As aspiring writers, we inadvertently sabotage ourselves, or at least hold our potential at bay, because we have both a wishful desire to get paid as a writer, and at the same time, we privately wonder why anybody would pay for our writing. What is profoundly insightful or insatiably intriguing to others, to us may seem commonplace. And we fall into the trap of thinking that if we thought of it, then anyone else can think of it too….so therefore our thoughts are not remarkable…and therefore our words are not worth money….and because they are not worth money, of course no one will pay for them. And voila! We’ve conveniently justified not writing. Because why bother anyway? Only people that are already getting paid for their writing, get paid for their writing, right? Wrong!

This is a classic case of a thought thread beginning with a statement of truth, but very quickly veering off track into a self-deluding lie, albeit one that tastes palatable and so therefore must be true. It’s too easy to assume because the seed of our thought started with a truth that the end conclusion will also be a truth. But that just isn’t the truth!

Herein lies the flaw: Just because anyone else can think of your same thought doesn’t mean they will, and even if they do, it doesn’t mean they will do anything with it, and even if they do do something with it, so what? Is your take on the same motif going to be EXACTLY the same as someone else’s? I hardly think so! But, by far, the biggest lie in this line of thinking is assuming that our thoughts are unremarkable and unworthy of monetary consideration because everyone else has the same thought potential as we do.

So that’s true: everyone else does have the same thought potential. But potential is where the truth ends. If we don’t turn that potential into writing that someone else can read, it remains just that–potential. And how much money do you think potential alone ever made anybody? Zero! Potential has to be turned into something. This is what distinguishes writers from thinkers. And the ‘something’ it gets turned into may or may not command money in the marketplace. But that doesn’t matter.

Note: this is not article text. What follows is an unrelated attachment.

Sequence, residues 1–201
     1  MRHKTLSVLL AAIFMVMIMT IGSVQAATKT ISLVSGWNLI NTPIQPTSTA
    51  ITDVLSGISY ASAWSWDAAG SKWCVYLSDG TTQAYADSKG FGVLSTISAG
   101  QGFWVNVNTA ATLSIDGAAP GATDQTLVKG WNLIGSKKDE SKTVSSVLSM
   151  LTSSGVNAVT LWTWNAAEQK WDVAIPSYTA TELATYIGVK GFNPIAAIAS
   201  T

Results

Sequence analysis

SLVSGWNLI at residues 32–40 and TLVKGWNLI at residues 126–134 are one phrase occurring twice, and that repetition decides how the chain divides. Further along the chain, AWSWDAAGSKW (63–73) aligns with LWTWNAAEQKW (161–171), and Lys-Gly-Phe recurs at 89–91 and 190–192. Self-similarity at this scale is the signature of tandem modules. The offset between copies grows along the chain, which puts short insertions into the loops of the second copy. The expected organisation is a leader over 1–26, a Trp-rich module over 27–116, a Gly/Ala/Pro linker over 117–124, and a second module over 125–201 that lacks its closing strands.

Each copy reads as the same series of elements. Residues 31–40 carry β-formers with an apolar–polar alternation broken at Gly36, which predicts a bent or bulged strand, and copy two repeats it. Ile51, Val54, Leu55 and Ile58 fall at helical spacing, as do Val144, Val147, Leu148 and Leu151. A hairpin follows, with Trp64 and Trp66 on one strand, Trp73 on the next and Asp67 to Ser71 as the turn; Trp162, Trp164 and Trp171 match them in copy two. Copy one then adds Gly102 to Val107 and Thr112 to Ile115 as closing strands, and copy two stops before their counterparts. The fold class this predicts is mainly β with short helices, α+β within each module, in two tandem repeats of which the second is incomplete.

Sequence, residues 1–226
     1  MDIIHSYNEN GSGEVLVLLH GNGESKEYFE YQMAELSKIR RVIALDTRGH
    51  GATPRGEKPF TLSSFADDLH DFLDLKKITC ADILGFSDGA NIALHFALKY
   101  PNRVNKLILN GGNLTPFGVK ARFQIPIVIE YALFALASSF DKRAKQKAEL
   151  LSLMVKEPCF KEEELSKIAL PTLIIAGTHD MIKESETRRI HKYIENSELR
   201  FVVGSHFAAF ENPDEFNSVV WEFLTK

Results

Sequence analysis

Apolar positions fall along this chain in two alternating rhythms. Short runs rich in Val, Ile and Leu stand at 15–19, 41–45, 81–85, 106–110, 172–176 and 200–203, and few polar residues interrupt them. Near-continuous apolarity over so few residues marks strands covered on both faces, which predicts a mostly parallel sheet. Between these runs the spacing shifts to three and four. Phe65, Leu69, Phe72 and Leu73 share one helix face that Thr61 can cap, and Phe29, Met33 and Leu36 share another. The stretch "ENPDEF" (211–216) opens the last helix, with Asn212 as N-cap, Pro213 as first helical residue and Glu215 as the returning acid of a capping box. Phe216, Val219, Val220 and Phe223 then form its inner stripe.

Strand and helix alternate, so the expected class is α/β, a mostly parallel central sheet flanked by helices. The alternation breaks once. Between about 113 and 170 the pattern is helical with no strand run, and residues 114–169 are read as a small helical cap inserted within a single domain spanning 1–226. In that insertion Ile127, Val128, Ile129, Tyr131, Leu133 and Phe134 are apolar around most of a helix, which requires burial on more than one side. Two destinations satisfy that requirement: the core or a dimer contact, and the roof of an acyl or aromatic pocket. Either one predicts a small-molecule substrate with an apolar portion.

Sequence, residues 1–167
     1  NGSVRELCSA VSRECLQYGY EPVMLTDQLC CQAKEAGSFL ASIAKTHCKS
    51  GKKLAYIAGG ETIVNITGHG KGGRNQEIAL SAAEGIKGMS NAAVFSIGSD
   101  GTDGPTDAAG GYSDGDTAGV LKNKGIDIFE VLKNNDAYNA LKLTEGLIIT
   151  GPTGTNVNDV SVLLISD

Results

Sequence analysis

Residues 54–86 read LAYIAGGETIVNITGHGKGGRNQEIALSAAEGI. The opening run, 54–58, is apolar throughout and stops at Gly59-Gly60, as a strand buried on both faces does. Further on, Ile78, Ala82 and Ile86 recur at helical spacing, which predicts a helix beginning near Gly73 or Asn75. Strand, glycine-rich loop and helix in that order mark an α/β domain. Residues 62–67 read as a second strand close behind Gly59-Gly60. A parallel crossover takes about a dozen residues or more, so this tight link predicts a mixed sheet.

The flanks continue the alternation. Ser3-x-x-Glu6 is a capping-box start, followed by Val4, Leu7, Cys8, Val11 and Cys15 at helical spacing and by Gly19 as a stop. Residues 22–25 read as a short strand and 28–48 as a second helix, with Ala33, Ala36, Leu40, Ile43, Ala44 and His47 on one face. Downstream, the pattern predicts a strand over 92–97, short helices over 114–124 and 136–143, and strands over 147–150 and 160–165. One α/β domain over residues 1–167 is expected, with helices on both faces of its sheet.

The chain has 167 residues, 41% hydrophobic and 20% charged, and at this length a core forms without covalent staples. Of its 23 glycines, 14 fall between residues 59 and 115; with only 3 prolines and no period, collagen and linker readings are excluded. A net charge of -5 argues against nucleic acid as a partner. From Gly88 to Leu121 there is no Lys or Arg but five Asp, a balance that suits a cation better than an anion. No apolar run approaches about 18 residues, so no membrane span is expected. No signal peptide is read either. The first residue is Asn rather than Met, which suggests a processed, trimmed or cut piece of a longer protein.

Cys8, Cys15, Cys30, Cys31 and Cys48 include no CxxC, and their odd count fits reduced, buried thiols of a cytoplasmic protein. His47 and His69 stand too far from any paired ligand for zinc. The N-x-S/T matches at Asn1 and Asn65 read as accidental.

When you’re a writer (that’s not already getting paid for your writing), you can’t use whether or not your writing is going to get you paid as your impetus for starting to write in the first place. You just have to write and let your stuff get filtered thru the universal sieve of the marketplace. We all know that people get paid for crap writing all the time, but crap is subjective. If that crap is generating money for its author, then it is withstanding the test of the marketplace, period! The only difference is degree and as an aspiring writer, we can’t afford to concern ourselves with degrees; we should instead be concerned with breaking the barrier from not getting paid into getting paid, assuming of course that we are writing in the first place! And even after we break the barrier and start getting paid, degrees still really don’t matter, at least degrees relative to other writers. The only thing that matters is our results relative to our desires. And for promotion and marketing: they’re a numbers game. Promotion and marketing are a hedge, that’s it; nothing more, nothing less. We still have to write.

It’s like this: We miss 100% of the shots we don’t take, and as a writer we have to take the shots (i.e., write the stuff) regardless of what we think the outcome might be. One of two things is going to happen: We’re either going to produce stuff that people will pay for or we’re going to learn a hellava lot in the process, presumably about ourselves and about writing. And besides that, writing is an art and art works by working on its creator. The more we create (write), the better our (art) writing becomes. So who’s to stay that what we are writing now that no one is paying us for won’t pave the way for us to write something that someone will pay for?